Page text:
Tag Archives: future driving

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Tech Is Going To Change Driving In Ways You Can’t Imagine

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You might think you understand how new technology is going to change driving, but you don’t. You may believe that you have gotten to grips with the latest tech and what it will mean when it hits the market, you haven’t. You have no idea how different the roads and the car industry is going to look a few years from now. So sit back as we take you on a road trip to the future.

Will I Still Need Car Insurance?

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You’re not the only one wondering whether car insurance will still be necessary five or ten years from now. After all, you can barely get through one day without someone suggesting that cars are going to drive themselves. Well, let’s clear a few things up right now. First, even car insurers haven’t begun to figure out how autonomous cars are going to fit into the future plans. You won’t find it mentioned anywhere on a site like moneyexpert.com and there’s a good reason for that. It’s not on the horizon…yet. That doesn’t mean it won’t be and there are certainly impressive advances in place. For instance, this year there will be one hundred thousand plus self-driving cars on the road. But it’s important to know what self-driving means. It doesn’t mean that these cars will be driving on highways at full speed. Nor does it mean that these cars are completely free to drive themselves. The current ability of self-driving cars is to travel at low speeds and essentially course correct. You can think of it as the next logical step for cruise control.

So, where does car insurance fit in? Well, people are starting to think about who’s going to be to blame if a car crashes and no one is driving it. Or, more likely, who’s going to pay up. When cars are fully autonomous, you can bet these questions are going to be debated. Right now, though, we’re still at least two decades away from most cars being able to drive themselves. Let alone being fully autonomous.

What About Fuel?

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Whatever happened to the hybrid car? As you can see on time.com, the hybrid market has hit a slump. It’s still around but not quite as popular as advocates of the tech had hoped. Indeed, it’s fair to say that the hybrid car is no longer consider to be the future fuel of vehicles. For one thing, it’s a band aid for a gaping wound. A hybrid car is more environmentally toxic than anyone would care to admit and still includes a petrol engine. So, it’s hard to champion it as the savior of the car industry when drivers want to be eco-friendly. This brings the question as to what cars will be powered by in ten years.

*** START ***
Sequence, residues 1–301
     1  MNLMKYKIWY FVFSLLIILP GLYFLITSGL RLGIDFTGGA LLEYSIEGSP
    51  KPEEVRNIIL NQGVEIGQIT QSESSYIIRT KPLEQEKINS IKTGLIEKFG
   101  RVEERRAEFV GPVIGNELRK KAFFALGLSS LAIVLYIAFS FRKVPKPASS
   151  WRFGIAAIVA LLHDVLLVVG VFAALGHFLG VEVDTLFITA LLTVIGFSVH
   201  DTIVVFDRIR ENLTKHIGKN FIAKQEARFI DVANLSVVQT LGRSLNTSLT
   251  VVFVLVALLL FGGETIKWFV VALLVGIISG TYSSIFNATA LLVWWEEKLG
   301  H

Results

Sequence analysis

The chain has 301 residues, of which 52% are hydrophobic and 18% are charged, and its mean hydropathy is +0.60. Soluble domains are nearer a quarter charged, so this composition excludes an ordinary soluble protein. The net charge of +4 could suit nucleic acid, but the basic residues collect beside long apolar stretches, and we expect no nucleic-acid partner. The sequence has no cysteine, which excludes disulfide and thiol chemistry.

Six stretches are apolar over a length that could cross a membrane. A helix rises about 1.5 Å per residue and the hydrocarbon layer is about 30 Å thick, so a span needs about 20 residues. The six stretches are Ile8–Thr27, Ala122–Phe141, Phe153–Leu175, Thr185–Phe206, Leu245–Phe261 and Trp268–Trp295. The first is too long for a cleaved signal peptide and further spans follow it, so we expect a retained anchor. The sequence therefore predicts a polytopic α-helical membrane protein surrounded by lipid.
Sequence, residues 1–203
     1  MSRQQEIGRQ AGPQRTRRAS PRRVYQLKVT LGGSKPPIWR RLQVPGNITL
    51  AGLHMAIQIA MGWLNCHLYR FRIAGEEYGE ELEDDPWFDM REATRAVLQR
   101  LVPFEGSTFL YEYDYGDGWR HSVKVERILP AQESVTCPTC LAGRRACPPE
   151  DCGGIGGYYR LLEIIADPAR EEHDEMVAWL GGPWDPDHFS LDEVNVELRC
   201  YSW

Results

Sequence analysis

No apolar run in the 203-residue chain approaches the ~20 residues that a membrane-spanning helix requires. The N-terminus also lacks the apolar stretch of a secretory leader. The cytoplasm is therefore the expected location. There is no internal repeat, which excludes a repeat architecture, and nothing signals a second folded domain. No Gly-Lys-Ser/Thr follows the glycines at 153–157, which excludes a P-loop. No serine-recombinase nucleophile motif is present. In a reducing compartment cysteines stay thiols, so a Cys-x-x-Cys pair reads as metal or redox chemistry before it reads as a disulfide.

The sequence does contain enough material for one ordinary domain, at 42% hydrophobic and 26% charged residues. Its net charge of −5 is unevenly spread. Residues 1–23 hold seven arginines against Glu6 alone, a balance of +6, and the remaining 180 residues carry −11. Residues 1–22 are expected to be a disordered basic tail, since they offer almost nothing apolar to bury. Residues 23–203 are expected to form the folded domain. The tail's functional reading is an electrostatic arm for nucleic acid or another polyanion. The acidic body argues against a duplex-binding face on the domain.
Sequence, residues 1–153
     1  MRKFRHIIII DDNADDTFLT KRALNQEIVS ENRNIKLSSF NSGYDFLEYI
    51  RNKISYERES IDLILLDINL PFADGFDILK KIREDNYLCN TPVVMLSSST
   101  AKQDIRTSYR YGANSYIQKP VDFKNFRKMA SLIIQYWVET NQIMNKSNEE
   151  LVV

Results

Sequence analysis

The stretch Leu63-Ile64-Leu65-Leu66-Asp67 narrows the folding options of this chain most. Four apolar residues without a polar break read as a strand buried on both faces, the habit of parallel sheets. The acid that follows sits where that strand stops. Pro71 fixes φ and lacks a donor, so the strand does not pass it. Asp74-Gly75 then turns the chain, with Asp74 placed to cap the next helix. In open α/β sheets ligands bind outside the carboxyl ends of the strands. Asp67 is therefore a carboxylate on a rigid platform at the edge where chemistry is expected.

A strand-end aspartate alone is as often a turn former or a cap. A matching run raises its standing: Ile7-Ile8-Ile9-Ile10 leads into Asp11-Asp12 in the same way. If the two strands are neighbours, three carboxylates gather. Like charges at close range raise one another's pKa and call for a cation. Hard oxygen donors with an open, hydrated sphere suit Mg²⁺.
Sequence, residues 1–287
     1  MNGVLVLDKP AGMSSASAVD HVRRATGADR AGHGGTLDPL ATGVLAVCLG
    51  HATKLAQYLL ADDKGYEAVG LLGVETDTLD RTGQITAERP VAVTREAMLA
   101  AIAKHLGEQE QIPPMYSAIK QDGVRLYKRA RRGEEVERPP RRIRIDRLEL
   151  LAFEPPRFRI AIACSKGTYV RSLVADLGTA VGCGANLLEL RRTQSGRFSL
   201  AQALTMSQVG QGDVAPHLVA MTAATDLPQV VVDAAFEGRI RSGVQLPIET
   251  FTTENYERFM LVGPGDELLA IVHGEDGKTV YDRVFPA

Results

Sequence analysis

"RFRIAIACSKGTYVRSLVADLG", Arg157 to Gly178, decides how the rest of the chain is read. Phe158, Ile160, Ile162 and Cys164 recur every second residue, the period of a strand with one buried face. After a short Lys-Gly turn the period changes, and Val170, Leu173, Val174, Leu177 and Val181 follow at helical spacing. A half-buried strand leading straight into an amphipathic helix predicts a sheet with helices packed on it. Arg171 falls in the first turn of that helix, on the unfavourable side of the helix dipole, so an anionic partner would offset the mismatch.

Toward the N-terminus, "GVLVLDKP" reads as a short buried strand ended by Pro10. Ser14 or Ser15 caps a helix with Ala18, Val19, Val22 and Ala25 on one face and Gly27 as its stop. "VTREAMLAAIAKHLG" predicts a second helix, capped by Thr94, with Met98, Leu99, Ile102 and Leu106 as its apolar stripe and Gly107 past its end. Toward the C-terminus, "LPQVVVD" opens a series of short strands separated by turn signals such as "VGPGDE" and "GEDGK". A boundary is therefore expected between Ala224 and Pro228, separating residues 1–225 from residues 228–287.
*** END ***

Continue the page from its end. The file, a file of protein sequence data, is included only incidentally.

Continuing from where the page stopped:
Well, we know what they won’t be powered by, and that’s diesel. Governments are planning to tax diesel cars to high heaven and ensure that they are as unattractive to buyers as physically possible. Some places like London are even considering an all out ban. You can read more about that on newstatesman.com.

As for the real savior of the future? That could be the electric car. It’s quickly making a comeback which is ironic considering the top speeds of the original electric cars. Tesla now have an electric car in development that is going to rival the top supercars, and that’s an impressive evolution of this tech.

But there are other possibilities in the work too. For instance, some people are still in favor of putting development into hydrogen-fueled cars. There’s been quite a lot of interest by tech innovators in Britain. The problem is that while people know roughly what a hybrid is and can work out the electric car, they don’t know much about hydrogen power at all. That makes it difficult to market which is why this possibility hasn’t seen much progress.

How About The Roads?

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There should definitely be less congestion thanks to the new tech that councils and governments are putting in place on the roads. Roads are getting smarter, and within five years we’ll see our first roads that can actually change traffic speed based on the possibility of congestion. Nope, we’re not talking about preparing for congestion further down the road. This clever tech would record the number of cars, the speeds and figure out the chance of a traffic jam. It would then change speed limits to match needs. It’s being tested right now and should lead to some very exciting possibilities in the future.

Did you see any of these changes coming? Or is the future of driving a whole new world that you’re not yet prepared for?